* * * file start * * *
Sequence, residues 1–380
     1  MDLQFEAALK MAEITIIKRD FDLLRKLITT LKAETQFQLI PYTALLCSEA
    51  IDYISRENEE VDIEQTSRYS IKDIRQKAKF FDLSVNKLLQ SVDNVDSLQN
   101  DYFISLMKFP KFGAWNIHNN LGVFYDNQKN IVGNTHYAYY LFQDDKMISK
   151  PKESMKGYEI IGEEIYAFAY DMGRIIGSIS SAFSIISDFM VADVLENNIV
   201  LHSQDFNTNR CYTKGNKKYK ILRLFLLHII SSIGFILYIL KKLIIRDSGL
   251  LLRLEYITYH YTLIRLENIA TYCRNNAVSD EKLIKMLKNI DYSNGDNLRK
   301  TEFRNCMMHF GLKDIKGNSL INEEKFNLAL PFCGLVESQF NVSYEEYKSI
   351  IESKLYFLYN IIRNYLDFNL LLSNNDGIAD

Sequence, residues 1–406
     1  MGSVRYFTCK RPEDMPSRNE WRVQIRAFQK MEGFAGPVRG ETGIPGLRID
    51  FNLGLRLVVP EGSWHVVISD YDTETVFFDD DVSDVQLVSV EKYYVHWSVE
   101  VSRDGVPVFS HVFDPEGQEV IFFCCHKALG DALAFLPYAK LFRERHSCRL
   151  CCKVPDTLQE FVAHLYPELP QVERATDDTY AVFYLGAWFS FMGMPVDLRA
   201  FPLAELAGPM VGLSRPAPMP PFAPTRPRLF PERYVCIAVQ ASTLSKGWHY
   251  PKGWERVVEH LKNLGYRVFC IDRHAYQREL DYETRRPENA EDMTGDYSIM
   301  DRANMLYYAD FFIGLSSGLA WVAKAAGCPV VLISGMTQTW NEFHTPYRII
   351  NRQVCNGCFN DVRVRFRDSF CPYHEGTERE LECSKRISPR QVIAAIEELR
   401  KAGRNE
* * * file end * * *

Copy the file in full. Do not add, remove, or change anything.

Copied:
Sequence, residues 1–380
     1  MDLQFEAALK MAEITIIKRD FDLLRKLITT LKAETQFQLI PYTALLCSEA
    51  IDYISRENEE VDIEQTSRYS IKDIRQKAKF FDLSVNKLLQ SVDNVDSLQN
   101  DYFISLMKFP KFGAWNIHNN LGVFYDNQKN IVGNTHYAYY LFQDDKMISK
   151  PKESMKGYEI IGEEIYAFAY DMGRIIGSIS SAFSIISDFM VADVLENNIV
   201  LHSQDFNTNR CYTKGNKKYK ILRLFLLHII SSIGFILYIL KKLIIRDSGL
   251  LLRLEYITYH YTLIRLENIA TYCRNNAVSD EKLIKMLKNI DYSNGDNLRK
   301  TEFRNCMMHF GLKDIKGNSL INEEKFNLAL PFCGLVESQF NVSYEEYKSI
   351  IESKLYFLYN IIRNYLDFNL LLSNNDGIAD

Sequence, residues 1–406
     1  MGSVRYFTCK RPEDMPSRNE WRVQIRAFQK MEGFAGPVRG ETGIPGLRID
    51  FNLGLRLVVP EGSWHVVISD YDTETVFFDD DVSDVQLVSV EKYYVHWSVE
   101  VSRDGVPVFS HVFDPEGQEV IFFCCHKALG DALAFLPYAK LFRERHSCRL
   151  CCKVPDTLQE FVAHLYPELP QVERATDDTY AVFYLGAWFS FMGMPVDLRA
   201  FPLAELAGPM VGLSRPAPMP PFAPTRPRLF PERYVCIAVQ ASTLSKGWHY
   251  PKGWERVVEH LKNLGYRVFC IDRHAYQREL DYETRRPENA EDMTGDYSIM
   301  DRANMLYYAD FFIGLSSGLA WVAKAAGCPV VLISGMTQTW NEFHTPYRII
   351  NRQVCNGCFN DVRVRFRDSF CPYHEGTERE LECSKRISPR QVIAAIEELR
   401  KAGRNE